Peter Hardermann Burnet, California’s first governor, told legislators in 1851 that “a war of extermination will continue to be waged between the races until the Indian race becomes extinct…the inevitable destiny of the race is beyond the power or wisdom of man to avert” (History.com). Local and state militias receiving state funding systematically killed and even scalped Native Americans. Nearly 80% of the 150,000 Native Americans who lived in California pre-gold rush were wiped out through disease or killings (KCET.org).
The 49ers are only one of many professional (and semi-professional) American sports teams that reference violence against Native peoples or directly use Indigenous imagery in their team names. In the NFL, the Kansas City Chiefs are being pressured to change their name (USA Today), and in the MLB, the Braves, Indians, and Rangers have been the subject of discussion. When Kansas City played San Francisco in Super Bowl LIV in January, writer Vincent Shilling accurately referred to the game as the “Genocide Bowl” (Indian Country Today).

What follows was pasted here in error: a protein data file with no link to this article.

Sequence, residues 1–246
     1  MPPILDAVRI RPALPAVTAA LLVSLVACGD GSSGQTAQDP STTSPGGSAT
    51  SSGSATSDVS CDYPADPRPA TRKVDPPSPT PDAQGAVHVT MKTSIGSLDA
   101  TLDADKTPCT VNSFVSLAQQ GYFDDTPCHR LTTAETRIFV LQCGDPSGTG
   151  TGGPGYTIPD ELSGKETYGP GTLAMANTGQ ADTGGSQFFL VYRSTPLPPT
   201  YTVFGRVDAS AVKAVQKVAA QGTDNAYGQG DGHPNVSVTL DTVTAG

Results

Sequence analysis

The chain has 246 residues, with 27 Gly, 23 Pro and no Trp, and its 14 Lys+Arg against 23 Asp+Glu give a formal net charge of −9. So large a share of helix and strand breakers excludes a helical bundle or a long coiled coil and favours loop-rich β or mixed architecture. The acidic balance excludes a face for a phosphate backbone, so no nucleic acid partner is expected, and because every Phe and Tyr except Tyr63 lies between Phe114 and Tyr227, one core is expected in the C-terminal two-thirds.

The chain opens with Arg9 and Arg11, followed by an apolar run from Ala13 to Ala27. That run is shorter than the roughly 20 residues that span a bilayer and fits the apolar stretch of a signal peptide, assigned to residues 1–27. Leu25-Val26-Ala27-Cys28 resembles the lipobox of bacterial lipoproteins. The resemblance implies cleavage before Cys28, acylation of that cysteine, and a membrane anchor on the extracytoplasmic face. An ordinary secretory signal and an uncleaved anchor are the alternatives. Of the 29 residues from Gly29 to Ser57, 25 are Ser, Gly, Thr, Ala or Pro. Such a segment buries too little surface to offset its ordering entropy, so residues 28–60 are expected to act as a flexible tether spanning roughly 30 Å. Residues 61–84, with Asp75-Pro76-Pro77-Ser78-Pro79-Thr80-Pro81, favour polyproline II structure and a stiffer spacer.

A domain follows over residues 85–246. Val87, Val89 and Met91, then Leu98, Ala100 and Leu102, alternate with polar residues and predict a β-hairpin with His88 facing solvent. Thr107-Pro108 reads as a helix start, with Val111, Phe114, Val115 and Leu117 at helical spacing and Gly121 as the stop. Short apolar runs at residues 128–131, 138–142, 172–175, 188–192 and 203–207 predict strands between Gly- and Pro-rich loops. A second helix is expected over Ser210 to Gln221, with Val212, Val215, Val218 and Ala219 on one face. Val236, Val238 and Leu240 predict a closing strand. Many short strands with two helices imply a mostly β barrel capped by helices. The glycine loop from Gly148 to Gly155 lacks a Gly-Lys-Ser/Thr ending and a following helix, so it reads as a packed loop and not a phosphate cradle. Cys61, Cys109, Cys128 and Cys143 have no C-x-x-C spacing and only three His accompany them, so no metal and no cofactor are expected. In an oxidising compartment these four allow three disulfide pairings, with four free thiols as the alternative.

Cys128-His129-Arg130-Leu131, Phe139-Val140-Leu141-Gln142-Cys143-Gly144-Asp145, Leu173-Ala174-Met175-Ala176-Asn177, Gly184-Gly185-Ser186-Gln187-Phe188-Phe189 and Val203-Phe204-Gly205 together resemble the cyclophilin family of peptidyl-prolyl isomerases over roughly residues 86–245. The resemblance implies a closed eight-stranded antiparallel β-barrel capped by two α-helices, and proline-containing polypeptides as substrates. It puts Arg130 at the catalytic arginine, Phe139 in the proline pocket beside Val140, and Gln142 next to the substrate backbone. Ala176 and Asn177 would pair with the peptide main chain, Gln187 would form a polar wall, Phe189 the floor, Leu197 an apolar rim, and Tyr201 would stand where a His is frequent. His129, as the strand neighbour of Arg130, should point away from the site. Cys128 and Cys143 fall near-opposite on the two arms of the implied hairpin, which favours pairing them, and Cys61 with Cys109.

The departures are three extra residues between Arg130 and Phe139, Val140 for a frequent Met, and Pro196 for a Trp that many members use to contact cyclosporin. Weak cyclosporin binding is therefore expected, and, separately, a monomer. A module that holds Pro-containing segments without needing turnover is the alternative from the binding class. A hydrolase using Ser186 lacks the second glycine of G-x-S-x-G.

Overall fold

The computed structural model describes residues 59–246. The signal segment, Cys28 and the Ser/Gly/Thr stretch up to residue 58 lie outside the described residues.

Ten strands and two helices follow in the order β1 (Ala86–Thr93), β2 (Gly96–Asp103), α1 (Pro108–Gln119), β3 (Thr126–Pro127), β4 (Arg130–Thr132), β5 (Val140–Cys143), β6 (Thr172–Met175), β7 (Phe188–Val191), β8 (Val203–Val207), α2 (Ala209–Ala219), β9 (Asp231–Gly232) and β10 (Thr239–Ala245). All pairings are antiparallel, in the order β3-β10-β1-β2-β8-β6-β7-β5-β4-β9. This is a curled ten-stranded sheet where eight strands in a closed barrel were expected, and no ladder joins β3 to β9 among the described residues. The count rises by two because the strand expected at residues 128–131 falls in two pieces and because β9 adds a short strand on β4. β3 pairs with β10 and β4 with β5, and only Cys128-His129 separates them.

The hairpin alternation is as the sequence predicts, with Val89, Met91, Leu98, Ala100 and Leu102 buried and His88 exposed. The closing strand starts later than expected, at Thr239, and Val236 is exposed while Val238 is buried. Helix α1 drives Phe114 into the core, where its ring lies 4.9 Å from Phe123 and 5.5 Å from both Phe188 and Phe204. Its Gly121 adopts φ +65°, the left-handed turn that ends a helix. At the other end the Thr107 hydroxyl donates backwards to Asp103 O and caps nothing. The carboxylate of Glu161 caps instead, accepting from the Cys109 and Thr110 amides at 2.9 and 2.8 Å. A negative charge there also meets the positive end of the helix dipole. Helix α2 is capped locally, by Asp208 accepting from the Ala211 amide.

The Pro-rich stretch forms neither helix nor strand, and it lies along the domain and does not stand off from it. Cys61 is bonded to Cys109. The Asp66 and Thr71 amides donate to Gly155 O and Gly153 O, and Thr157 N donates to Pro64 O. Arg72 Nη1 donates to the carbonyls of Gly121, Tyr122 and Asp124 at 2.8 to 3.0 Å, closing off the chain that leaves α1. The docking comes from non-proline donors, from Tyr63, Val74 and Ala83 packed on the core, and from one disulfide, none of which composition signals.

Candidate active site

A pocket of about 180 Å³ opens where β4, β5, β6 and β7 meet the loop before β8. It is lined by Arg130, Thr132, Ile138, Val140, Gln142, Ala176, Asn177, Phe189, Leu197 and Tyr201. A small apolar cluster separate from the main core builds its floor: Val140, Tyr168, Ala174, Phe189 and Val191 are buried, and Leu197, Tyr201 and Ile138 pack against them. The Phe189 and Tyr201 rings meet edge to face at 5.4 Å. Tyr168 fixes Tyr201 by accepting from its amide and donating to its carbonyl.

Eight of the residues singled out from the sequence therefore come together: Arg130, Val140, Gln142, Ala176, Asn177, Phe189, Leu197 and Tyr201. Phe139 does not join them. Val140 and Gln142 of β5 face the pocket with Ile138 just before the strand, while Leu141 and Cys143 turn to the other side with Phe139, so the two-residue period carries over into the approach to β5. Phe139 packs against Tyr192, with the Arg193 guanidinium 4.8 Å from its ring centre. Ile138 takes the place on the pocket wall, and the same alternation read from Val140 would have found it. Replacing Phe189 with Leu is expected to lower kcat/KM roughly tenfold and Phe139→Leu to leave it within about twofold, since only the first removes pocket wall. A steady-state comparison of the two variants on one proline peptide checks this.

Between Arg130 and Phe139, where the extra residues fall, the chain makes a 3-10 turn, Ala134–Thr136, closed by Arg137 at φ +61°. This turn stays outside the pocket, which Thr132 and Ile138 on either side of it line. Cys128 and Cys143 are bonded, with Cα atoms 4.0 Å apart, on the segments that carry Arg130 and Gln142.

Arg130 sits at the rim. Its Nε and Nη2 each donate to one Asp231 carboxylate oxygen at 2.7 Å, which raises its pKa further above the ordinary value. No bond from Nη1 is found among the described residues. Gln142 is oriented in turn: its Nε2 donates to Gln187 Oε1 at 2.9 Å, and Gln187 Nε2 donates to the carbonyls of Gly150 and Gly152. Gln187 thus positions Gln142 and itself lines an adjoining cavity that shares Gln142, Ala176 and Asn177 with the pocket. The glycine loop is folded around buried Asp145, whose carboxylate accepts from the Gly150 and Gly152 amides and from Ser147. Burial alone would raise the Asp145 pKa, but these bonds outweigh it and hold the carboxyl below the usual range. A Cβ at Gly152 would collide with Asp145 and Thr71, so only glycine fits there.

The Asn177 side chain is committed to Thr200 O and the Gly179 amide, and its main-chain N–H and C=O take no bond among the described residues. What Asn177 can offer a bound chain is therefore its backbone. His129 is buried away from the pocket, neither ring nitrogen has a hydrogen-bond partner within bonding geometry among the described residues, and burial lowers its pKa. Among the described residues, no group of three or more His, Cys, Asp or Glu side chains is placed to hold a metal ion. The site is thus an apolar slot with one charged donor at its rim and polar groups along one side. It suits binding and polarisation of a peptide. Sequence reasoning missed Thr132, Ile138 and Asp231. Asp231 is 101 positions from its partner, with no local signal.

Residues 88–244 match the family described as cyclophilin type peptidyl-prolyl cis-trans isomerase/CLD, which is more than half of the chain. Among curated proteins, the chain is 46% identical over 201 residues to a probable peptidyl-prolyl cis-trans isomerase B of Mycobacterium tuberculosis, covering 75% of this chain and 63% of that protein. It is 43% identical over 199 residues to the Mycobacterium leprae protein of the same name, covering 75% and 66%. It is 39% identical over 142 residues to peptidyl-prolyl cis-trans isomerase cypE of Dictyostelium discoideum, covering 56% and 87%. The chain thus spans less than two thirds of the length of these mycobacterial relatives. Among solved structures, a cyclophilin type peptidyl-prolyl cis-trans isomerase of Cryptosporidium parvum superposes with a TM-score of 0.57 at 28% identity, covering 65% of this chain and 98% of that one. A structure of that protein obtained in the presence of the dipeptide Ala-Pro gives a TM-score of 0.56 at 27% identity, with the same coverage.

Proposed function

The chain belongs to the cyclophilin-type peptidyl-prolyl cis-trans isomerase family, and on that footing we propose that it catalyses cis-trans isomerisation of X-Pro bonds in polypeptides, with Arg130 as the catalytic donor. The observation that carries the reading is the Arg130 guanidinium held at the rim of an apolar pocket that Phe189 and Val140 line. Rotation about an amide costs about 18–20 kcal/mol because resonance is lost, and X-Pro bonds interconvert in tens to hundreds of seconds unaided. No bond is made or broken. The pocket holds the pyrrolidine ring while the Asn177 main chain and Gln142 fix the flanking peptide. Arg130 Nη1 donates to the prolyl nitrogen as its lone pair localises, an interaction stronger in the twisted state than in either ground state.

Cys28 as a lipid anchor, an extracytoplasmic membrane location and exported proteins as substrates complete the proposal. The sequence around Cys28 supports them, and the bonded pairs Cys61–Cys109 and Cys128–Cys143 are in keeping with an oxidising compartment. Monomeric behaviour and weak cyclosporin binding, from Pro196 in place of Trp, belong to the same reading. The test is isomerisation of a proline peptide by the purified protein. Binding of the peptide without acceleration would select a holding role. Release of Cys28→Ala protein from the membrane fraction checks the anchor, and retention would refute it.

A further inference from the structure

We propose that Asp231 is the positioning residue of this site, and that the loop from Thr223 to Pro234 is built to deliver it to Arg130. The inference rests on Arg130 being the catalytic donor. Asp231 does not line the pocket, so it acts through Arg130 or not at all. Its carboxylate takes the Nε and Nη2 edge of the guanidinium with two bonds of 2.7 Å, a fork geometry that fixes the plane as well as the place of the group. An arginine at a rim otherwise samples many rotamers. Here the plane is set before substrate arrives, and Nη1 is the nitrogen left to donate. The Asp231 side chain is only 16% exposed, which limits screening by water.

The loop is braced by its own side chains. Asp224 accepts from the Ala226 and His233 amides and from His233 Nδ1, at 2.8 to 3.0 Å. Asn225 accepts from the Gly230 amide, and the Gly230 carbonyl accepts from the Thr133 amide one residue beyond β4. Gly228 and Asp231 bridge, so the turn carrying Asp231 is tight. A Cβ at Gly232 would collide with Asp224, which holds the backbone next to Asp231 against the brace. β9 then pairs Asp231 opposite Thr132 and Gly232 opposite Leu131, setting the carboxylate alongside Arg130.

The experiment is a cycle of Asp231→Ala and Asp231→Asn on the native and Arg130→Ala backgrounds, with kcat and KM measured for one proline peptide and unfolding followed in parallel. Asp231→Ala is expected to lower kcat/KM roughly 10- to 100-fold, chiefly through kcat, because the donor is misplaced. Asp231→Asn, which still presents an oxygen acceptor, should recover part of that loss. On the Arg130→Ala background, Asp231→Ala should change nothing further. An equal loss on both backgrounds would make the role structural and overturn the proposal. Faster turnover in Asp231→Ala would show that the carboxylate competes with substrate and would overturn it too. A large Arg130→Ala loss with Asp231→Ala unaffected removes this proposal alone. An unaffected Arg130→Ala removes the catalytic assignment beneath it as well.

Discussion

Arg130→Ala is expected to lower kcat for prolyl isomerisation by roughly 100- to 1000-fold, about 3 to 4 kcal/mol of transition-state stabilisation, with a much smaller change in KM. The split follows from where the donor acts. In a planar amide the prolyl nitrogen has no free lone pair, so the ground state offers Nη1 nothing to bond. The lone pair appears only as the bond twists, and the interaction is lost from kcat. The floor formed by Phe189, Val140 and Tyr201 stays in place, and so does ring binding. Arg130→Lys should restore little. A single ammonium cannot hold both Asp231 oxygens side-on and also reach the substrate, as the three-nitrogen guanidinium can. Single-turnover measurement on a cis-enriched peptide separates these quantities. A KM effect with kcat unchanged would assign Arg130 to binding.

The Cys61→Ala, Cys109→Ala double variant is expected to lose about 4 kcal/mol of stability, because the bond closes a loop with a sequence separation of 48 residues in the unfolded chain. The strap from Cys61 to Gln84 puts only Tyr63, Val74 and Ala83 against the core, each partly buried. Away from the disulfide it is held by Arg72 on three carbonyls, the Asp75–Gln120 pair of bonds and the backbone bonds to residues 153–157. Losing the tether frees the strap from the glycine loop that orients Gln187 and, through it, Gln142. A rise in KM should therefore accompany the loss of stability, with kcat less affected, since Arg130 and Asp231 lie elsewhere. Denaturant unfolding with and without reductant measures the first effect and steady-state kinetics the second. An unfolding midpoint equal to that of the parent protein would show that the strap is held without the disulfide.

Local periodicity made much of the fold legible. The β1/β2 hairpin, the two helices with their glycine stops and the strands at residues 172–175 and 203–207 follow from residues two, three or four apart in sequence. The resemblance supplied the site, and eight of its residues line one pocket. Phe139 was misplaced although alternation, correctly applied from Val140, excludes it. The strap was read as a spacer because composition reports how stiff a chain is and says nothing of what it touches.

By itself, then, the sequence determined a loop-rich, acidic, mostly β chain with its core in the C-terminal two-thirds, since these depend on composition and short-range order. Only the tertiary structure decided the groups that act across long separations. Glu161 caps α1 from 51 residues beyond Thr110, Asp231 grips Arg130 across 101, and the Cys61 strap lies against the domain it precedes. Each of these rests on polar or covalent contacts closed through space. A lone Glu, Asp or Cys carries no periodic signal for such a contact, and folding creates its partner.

Learning more about the history of racist sports team names brings light to the reality of the United States being built at the cost of—or on the backs of—Indigenous, Black, and Brown Americans. Changing team names isn’t about obscuring or erasing our history. It’s about refusing to glorify genocide and the gross characterization of Indigenous peoples. It’s completely possible to acknowledge a dark history without venerating false idols in sports. (Yes, I’m looking at you, Sourdough Sam).